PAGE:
constitute the basis of his success: inventiveness and ingenuity, the
practical efficiency, the shrewdness and the hard common--sense.  It is
the last phase in the formation of the national type.

It was, I venture to say, in some such way as this that Mark Twain came
to assume in the eyes of his countrymen an embodiment of the national
spirit.  He was the self--made man in the self--made democracy.  He was
at once his own creation and the creation of a democracy.  There were
humorists in America before Mark Twain; there are humorists in America
still.  But Mark Twain succeeded not merely in captivating the great
mass of the people; he achieved the far more difficult and unique
distinction of convincing his countrymen of his essential fellowship,
his temperamental affinity, with them.  This miracle he wrought by the
frankest and most straightforward revelation of the actual experiences
in his own life and the lives of those he had known with perfect
intimacy.  It is true that he wrote a few books dealing with other
times, other scenes, than our own in the present and in America.  But I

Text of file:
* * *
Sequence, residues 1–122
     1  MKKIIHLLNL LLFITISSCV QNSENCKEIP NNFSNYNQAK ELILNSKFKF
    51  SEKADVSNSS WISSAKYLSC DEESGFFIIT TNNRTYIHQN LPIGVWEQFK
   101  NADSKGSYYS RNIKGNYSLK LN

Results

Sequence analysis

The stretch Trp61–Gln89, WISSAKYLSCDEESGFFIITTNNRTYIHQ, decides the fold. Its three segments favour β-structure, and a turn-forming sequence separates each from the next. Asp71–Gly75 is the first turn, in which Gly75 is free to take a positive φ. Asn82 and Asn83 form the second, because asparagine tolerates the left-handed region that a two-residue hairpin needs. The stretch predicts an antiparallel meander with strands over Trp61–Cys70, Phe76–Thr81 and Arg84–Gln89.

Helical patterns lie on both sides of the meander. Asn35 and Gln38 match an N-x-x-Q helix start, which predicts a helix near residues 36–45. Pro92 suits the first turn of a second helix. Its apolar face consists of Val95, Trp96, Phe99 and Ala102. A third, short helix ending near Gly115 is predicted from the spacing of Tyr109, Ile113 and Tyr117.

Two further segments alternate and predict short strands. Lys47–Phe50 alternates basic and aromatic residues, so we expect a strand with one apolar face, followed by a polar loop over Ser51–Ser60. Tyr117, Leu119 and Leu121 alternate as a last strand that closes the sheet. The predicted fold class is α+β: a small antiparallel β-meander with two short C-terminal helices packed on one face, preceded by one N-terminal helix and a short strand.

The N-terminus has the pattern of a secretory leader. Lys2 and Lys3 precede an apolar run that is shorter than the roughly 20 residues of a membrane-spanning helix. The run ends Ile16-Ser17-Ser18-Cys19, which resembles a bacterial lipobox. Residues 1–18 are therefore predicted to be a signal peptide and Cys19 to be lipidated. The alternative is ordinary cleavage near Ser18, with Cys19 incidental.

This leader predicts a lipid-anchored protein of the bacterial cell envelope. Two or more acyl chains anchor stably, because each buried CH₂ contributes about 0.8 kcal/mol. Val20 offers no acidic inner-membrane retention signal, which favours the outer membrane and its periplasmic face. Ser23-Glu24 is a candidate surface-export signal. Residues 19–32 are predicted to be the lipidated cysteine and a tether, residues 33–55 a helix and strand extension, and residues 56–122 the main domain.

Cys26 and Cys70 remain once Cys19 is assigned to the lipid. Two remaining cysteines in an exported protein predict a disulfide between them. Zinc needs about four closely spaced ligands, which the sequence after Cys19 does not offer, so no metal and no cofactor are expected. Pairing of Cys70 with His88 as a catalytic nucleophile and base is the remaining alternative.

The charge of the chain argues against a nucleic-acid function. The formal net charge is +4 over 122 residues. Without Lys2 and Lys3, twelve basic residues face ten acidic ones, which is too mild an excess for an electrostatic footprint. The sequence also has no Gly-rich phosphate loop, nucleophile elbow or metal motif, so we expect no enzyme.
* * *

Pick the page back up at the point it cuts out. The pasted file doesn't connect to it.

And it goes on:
daresay that his popularity with the mass of his countrymen would not
have been in any degree lessened had he never written these few books.
Indeed, it is hardly to be doubted that his books were successful in the
ratio of their autobiographic nature.  For the character he revealed in
those books of his which are essentially autobiographic, is the
character dear to the American heart; and the experiences, vicissitudes,
and hardships, shot through and irradiated with a high boisterousness of
humour, found a joyous sympathy in the minds and hearts of men who had
all "been there" themselves.  In Mark Twain the American people
recognized at last the sturdy democrat, independent of foreign
criticism; confident in the validity and value of his own ideas and
judgments; believing loyally in his country's institutions, and
upholding them fearlessly before the world; fundamentally serious and